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Special section Jump into travel

Memories may be free but vacations generally aren't. Here's how to save some money on your travels.

How to afford it

20 savvy tips for using plastic on vacation

It's the vacation version of the old grocery store conundrum: cash or plastic?

For most instances a credit card is the best bet when you travel, hands down. But when you want to get a little spending money, an ATM card is a great resource.

Here are a few tips to smooth out the financial wrinkles and give you that hassle-free vacation you've been planning:

Save when using plastic
1. Select cards for overseas use. 11. Beware of double billing.
2. Ask about fees in advance. 12. Watch out for tip hogs.
3. Carry lost/theft phone number. 13. Clarify purchase guarantees.
4. Tell card issuer your plans. 14. Remember cards are safest.
5. Prepare for emergencies. 15. Check for ATM networks.
6. Take cards from two banks. 16. Obey your limits.
7. Check limits and expirations date. 17. Leave debit cards at home.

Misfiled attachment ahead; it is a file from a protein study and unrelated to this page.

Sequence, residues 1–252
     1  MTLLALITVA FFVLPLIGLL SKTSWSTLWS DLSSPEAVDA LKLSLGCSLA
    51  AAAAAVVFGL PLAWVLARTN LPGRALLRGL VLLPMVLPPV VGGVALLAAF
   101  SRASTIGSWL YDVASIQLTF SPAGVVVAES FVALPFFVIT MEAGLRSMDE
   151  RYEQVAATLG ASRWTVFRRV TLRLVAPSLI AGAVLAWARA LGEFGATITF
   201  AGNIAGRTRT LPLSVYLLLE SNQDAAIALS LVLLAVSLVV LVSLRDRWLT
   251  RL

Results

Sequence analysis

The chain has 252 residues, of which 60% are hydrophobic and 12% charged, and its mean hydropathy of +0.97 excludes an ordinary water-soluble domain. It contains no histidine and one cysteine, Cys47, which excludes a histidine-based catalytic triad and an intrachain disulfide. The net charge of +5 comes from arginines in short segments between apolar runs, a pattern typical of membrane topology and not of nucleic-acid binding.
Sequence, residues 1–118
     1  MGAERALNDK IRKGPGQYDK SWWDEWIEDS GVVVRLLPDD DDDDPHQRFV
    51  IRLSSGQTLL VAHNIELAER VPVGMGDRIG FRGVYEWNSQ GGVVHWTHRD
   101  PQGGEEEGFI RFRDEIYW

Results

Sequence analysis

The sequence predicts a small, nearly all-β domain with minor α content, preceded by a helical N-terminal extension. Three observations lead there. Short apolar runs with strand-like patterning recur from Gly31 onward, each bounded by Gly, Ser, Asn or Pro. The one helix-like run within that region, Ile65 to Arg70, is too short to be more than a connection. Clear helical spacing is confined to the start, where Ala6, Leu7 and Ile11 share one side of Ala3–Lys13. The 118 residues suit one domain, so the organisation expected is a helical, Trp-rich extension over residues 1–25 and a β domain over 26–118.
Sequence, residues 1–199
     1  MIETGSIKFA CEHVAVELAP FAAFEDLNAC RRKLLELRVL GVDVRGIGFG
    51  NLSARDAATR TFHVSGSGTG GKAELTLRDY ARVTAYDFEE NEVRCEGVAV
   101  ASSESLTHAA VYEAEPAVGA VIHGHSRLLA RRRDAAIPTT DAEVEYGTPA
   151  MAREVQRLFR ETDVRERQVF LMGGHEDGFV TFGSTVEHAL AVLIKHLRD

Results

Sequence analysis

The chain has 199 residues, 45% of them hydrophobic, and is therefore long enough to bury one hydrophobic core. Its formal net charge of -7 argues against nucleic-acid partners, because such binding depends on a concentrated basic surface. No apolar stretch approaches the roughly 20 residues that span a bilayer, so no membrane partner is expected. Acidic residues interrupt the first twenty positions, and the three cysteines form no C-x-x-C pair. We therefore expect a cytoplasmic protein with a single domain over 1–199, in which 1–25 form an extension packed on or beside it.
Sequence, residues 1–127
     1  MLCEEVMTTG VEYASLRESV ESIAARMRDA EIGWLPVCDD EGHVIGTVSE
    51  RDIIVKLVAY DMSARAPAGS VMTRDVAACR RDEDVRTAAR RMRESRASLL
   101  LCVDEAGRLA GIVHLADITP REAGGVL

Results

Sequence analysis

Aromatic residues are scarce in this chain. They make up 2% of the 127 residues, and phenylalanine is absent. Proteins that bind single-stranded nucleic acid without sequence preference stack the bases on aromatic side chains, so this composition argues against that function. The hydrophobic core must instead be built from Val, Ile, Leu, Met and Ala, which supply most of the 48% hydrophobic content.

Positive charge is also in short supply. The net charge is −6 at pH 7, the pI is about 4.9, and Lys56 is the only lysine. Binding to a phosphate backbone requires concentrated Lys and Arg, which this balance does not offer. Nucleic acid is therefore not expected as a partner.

8. Keep all your receipts. 18. Use ATMs for cash.
9. Try to use just one card. 19. Check out ATMS first.
10. Make sure certain card is accepted. 20. Remember: card has to be paid.

Credit cards
1. Select cards for overseas use. For an international trip, find which cards you'll be able to use. In certain parts of the world, some cards will be accepted more widely than others, says Clark Howard, co-author of "Get Clark Smart: The Ultimate Guide to Getting Rich from America's Money-Saving Expert." Check a couple of good guidebooks to find out which cards will give you the most options in that area.

2. Ask about fees in advance. If you're leaving the U.S., ask about fees. Call the issuing bank and find what kind of fees it charges for using the card outside the U.S. Many institutions charge additional fees -- flat rate, percentage or both -- for foreign transactions. "Most people don't think to ask, or know to ask," says Howard.

Look for a foreign currency exchange fee or foreign transaction fee, says Howard. What can be really galling: Some banks will add them to the bill even if the merchant conducts the transaction in U.S. dollars. Take the cards that will cost you the least to use. If you belong to a credit union, see if its credit card might offer a better deal on overseas travel.

Even if you think you know your credit card bank's policies, check again. "A number of major credit card issuers recently made substantial increases to the nature and amount of the fees they charge for foreign transactions," says Edward Hasbrouck, author of "The Practical Nomad" travel series.

In some cases, you'll face a similar situation with ATM transactions. If there is a flat fee on every transaction, that string of little credit card charges can really skyrocket.

-- Updated: June 21, 2007
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